Sunday, April 25, 2010

Magecrawl on Mac Part II (libtcod, SDL, and init code...)

This is a bunch of technical details about getting libtcod working on the mac. You might just be interested in the announcement post.

As promised, this post is a breakdown of the work it took to make libtcod work natively on the mac. By "native", I am not knocking the wonderful work Michael De Rosa did for previous releases. I'm referring to ones produced auto-magically by the cmake system,  no manual xcodeprojs, .dylibs and all.

The wonderful part of generated xcodeprojs is that they will stay in date as further changes are made. Nobody has to figure out what changes were made, and manually update things. This hopefully means that mac ports of the new version should come out same day or very soon after releases.

Enough about that...getting libtcod working on the mac involved two major sections of work.

Part I: Build system

Getting cmake to play nicely with the mac wasn't too painful. I had noted places in my CMakeLists.txt where apple variables were needed when I created them, so the first step was filling them all in. Unlike the windows builds, the mac build currently uses the framework versions of libsdl and libpng. I'm unsure if this will require users installing those frameworks before use.... I did this since I wanted .dylibs of libtcod. The only other issue that SWIG apparently doesn't ship arrays_csharp.i built in for the mac. I had to download it from svn and copy it into the right place.

Part II: Crashes on launch, init code, and mac

This is where the pain started. The sample programs crashes on launch, due to an objective c exception about preconditions not being met. After some digging, I found this. Apparently, SDL does some funny business to get initially properly on the mac. You need to include an object c file in your build and use a particular version of a main function.

What happens on the mac is when you include the SDL headers, it renames your main via macros to something else. The objective c file defines its own main statement, which does the correct initing and then calls SDL_main which calls your main.

This obviously doesn't work very well if your a C# program who doesn't have a main! I had a friend at work who know objective c well to bounce ideas off of, and then I ran into this. It's a simple objective c method I could call from C code before initing SDL that would handle the mac stuff for me. No more renaming main nonsense for me. It worked great.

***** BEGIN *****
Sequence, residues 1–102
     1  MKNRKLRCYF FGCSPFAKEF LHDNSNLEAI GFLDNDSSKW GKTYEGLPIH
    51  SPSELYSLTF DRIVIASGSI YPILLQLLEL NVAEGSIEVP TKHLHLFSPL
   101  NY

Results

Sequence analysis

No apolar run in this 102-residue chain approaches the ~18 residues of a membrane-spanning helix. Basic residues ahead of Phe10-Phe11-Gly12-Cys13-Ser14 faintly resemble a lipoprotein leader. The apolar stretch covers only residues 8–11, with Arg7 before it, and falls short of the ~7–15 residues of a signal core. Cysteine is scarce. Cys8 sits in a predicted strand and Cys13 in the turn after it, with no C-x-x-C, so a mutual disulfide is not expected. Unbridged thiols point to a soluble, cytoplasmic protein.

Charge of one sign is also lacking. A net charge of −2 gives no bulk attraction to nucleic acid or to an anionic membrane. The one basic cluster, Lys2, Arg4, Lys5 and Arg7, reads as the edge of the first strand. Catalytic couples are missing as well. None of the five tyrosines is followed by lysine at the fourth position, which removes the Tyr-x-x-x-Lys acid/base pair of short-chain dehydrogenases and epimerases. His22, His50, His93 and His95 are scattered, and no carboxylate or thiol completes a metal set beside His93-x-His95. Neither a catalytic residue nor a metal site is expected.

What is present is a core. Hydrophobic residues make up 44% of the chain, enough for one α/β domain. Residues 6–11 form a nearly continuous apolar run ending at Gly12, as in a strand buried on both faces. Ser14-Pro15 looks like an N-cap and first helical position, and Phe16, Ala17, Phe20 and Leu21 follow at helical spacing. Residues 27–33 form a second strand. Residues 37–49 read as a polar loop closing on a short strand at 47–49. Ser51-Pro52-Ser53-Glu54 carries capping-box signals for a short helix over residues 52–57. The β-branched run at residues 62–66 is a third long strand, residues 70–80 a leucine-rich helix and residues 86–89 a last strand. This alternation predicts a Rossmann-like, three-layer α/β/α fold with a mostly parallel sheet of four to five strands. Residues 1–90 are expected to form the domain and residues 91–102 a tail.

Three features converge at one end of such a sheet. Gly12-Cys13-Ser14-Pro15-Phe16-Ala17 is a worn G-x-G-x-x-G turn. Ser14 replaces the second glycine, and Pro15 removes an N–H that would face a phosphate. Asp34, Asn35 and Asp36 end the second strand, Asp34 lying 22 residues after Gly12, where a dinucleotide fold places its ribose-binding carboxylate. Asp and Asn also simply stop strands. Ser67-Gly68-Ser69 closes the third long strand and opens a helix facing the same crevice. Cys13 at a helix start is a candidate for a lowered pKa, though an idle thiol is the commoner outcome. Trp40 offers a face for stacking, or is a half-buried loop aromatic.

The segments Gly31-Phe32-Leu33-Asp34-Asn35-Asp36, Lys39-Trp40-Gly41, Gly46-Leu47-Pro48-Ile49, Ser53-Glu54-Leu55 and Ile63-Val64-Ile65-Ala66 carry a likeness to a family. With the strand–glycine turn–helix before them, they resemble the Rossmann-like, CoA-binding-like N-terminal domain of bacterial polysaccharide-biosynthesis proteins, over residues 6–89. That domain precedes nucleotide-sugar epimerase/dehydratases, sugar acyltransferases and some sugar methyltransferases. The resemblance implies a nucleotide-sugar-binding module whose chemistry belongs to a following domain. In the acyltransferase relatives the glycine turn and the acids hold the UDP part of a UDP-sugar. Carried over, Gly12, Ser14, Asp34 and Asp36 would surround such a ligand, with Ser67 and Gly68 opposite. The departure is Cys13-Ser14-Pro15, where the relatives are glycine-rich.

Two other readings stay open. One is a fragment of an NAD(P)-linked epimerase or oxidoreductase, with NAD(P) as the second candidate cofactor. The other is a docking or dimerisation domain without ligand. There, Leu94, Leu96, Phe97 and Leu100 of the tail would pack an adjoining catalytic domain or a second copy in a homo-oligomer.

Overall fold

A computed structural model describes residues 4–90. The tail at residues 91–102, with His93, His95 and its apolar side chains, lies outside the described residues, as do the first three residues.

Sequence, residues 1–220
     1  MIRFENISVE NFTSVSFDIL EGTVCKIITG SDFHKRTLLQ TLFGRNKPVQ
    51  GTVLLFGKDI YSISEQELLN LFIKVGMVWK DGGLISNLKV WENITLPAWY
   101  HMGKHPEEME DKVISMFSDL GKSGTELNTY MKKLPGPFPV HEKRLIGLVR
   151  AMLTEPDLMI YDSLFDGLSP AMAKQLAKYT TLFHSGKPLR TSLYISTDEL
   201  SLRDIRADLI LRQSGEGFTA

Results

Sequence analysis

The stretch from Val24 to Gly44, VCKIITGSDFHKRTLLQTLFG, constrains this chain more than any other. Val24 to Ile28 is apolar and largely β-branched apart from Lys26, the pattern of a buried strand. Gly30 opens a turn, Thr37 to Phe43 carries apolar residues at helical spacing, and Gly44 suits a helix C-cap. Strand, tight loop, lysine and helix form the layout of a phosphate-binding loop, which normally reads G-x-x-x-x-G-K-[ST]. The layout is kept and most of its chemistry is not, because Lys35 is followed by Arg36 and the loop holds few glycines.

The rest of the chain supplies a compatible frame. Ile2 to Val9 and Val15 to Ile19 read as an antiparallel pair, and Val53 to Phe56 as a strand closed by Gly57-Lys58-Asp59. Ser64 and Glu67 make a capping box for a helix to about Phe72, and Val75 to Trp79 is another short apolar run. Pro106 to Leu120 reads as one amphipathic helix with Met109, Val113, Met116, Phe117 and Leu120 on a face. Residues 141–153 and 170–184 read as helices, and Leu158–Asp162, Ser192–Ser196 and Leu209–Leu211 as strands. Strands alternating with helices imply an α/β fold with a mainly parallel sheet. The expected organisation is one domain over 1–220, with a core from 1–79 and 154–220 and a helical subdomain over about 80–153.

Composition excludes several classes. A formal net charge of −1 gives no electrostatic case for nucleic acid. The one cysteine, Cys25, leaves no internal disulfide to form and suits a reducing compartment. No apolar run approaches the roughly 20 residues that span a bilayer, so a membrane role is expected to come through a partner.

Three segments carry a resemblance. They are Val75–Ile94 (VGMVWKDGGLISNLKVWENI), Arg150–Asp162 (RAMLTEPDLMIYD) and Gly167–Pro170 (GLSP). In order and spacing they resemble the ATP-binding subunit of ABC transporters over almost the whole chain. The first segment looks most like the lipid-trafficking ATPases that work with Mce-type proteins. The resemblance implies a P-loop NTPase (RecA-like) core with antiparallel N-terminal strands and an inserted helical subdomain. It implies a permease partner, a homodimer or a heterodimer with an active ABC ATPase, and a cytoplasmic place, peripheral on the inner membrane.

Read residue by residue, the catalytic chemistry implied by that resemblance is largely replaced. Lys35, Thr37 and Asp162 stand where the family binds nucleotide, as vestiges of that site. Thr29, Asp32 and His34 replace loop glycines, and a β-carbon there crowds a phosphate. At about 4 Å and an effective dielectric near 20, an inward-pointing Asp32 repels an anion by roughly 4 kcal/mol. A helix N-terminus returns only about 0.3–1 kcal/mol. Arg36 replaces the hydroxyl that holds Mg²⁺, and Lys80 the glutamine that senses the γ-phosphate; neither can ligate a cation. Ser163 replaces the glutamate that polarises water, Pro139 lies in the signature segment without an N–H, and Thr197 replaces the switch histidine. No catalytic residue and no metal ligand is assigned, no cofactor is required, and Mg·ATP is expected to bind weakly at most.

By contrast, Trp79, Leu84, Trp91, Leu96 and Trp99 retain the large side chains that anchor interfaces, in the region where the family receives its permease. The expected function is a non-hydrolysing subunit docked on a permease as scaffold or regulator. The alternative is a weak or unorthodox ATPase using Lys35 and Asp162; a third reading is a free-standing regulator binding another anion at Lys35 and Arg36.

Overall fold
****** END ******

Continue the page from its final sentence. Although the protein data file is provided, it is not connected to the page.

Just one note, all of this doesn't apply if your use the "unix" style SDL libraries. Those you can use just normally, they don't need extra setup. However, I wanted a "real" mac port, dylibs and all. There is now code in libtcod that will fixup the mac specific stuff when you call console init. Hence, it works fine no matter the calling language.

I normally try not to get this implementation specific when writing posts, however I couldn't find all this info in one place. If somebody is trying to get an SDL based library working on the mac, particularly in C#, I hope this info finds you well...

Magecrawl on Mac Part I (Announcement)


One libtcod had a working mac version, getting magecrawl working was trivial, thanks to the wonderful work by the mono team. Other than a bitness issue that was my own stupid mistake, all it took was dropping the native libtcod mac .dylib and. so, adding a single config file, and off it ran.

Getting libtcod to work on the mac was a bit more work, and a very technical breakdown of issues and solutions will follow in another post soon to come.

Now back to prototyping that skill tree viewer...

Thursday, April 22, 2010

CMake support for mac osx

So I said I was done screwing with libtcod for awhile, but my new laptop thinks otherwise. It is now obligatory to get magecrawl running on it. And so...

This morning I got samples_c to run under Mac OSX. There was a bunch of nonsense with sdl_main and such, but I got it working. Now I need to get the other tools working, clean up the patches, and then create libtcod-net for mac. Then I can get back to magecrawl.

Monday, April 19, 2010

Laptop l = new MacbookPro(13);

I wanted to write a quick post from my new laptop! I just purchased a 13-inch macbook pro and so far its pretty awesome. 

After I "move in" by copying all of my media and installing all the needed applications, my first task on it will be making a cmake native libtcod for OSX, so I can get libtcod-net working, so I can get Magecrawl running. :)

Saturday, April 17, 2010

Introduction to magecrawl's architecture

So magecrawl is broken up into three libraries and an executable that pulls everything togeather and provides "the game". Since I have a few minute between yard work excursions, it seemed like a good idea to write a quick introduction.

Utilities - This is the base library that the other three components depend upon. It provides a few common data structures that c# doesn't (Pair, Point), a few extension methods on basic types, and a Preferences infrastructure for reading config files. Mostly stuff that needs to go somewhere everyone depends upon.

GameEngine - This is the library that "runs" the game world. It provides an interface IGameEngine which other modules use to request data to display and input player actions. Right now, it handles everything not GUI related almost: level generation, save/load, monster AI, physics, etc. It provides interfaces like ISpell, IItem, ICharacter and such so the GUI doesn't have to depend on concrete implementation classes.

GameUI - This library handles displaying everything. From dialogs like inventory and spell listings, to the map and character info, there should be no other place that any drawing code goes (Exception, the title screen goes elsewhere).